As indicated prior, the phrase, "sons of God" ("followers of God" or "servants of God") indicates those who are devoted and dedicated to God, as well as those in the category of angels. As we discern that the "sons of God" were the antithesis to "men" and that "men" were "of the flesh" we can understand that "men" refer to those who have taken on physical bodies.

Furthermore, being a "daughter of men" refers to a person who has taken shelter of the flesh. They are possessed by the physical world and attracted to the world of matter.

This is contrasted with the angels, and those who are devoted to the Supreme Being because these persons are not attracted to the physical world and the world of the flesh - the material world. Rather, they are loving servants of the Supreme Being.

And as teachers throughout the scriptures clearly explain that the Supreme Being dwells personally in the spiritual realm - we must accept that the "sons of God" - God's loving servants or devotees - are inhabitants of the spiritual realm, who may occasionally visit the physical world as part of their service to God.

God won't contend with man forever?

These verses contain a statement claiming that God says:
"My Spirit will not contend with man forever, for he is mortal; his days will be a hundred and twenty years."
First we must ask why God feels that man contends with Him at all. He is, after all, God. And He did create the human body. But there is also a key misunderstanding by those who misinterpret this statement.

The fact is, we are not these physical bodies. Our physical bodies are vehicles we occupy temporarily. This is clear from God's statement, and clear because we know by observation that every physical body dies after a few decades. No body lives beyond about 120 years - as specified here by the Supreme Being's statement.

We are spiritual beings who are temporarily encased within these physical bodies. Each of us occupying a physical body was once an angel. Be we are fallen angels. We have fallen into the physical world by taking on a physical body because we decided at some point that we did not want to be devoted to the Supreme Being any longer. We wanted to explore our own facilities for enjoyment. Instead of living to please God we decided we wanted to live to please ourselves.

This is why the Supreme Being, in this statement, says: "My Spirit will not contend with man forever." Because we wanted our freedom from Him, the Supreme Being gave us a virtual world equipped with physical bodies where we could get lost in a virtual identity and pretend that He doesn't exist for a while.

Here in the physical world, we can pretend that we are these physical bodies and we own the things around us. This is despite the fact that we cannot control the things around us and we will leave them all behind at the time of death. Yet we still pretend that these things are ours.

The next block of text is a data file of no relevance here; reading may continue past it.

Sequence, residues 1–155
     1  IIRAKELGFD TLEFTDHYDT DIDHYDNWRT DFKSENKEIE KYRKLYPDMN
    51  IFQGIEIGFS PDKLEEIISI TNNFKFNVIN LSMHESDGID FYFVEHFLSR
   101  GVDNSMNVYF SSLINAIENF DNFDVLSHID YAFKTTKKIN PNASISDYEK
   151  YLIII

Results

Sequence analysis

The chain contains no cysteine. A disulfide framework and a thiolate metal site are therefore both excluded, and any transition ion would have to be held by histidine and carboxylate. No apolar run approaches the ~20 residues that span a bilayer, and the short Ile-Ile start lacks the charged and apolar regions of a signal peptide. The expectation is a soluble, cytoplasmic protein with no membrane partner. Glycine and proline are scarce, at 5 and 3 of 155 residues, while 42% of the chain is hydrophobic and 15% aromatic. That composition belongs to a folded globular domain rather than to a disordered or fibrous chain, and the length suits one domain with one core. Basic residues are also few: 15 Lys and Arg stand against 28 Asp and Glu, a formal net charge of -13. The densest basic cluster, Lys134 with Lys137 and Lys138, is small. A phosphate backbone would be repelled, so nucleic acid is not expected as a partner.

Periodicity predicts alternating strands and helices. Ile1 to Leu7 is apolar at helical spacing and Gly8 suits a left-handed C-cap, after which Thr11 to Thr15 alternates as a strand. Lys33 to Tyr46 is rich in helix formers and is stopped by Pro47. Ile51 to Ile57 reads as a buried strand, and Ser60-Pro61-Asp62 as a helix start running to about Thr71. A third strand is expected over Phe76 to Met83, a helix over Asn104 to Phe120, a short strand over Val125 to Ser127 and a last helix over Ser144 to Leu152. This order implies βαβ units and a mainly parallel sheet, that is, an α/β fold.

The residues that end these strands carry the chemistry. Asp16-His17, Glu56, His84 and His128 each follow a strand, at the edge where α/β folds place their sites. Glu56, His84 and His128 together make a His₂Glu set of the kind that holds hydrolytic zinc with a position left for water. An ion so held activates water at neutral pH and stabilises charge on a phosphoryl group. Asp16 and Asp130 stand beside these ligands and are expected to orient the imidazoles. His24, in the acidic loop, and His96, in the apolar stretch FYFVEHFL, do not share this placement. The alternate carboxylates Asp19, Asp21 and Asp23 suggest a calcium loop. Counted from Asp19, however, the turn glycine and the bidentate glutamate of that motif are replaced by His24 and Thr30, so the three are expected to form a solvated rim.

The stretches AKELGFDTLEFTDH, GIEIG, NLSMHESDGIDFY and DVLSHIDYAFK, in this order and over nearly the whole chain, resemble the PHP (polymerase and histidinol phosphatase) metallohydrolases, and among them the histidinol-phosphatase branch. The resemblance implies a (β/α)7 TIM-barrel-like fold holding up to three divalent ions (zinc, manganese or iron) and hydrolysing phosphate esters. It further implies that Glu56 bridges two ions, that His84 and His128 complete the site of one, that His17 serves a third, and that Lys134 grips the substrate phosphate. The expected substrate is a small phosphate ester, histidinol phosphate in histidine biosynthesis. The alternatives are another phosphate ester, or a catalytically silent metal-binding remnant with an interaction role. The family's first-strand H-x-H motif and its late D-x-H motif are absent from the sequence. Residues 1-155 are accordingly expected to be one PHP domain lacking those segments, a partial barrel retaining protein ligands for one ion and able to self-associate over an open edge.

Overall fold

This is illusion. The Supreme Being set up the physical world as a place of illusion so we could get away from Him and act out our self-centered desires. And he set up this world of illusion as a temporary place. We stay for a while in a body, and then we leave.

Why did we get stuck in this world?

Becoming fallen takes place as the spiritual being - each of us - is exposed to the concept of having the freedom to reject Him or not. Along with this comes the influence of those who have already rejected Him. This was symbolized in another manuscript from Genesis in the story of the serpent and Adam and Eve - as the serpent influenced Eve, and Eve influenced Adam.

In other words, the Supreme Being wants us to love Him out of free will. Therefore, He presents before us plenty of temptations, influences, and facilities that give us alternatives to loving and pleasing Him. He gives us plenty of escape passages.

In the verses above, the description of the "sons of God" first being attracted by and then marrying the "daughters of men" indicates that some who were previously devoted to the Supreme Being - loving and serving Him - became influenced by (symbolized by attraction) and then became connected to or immersed in (symbolized by marriage) the self-centered illusions of the physical world.

Whether they were directly influenced by having contact with those already within physical bodies or simply attracted by the desire to enjoy separately from God is not relevant. This is because God offers us so many facilities to leave His service, depending upon the situation.

The bottom line is that we were attracted, influenced, and succumbed to the self-centered illusions of the physical world that allow us to feel independent of God.

So this allegorical yet historical story of how we each fell into the physical world reveals our past with accuracy, yet with symbolism. The phrase "having children by them" symbolizes our further bonding and immersion into the physical world.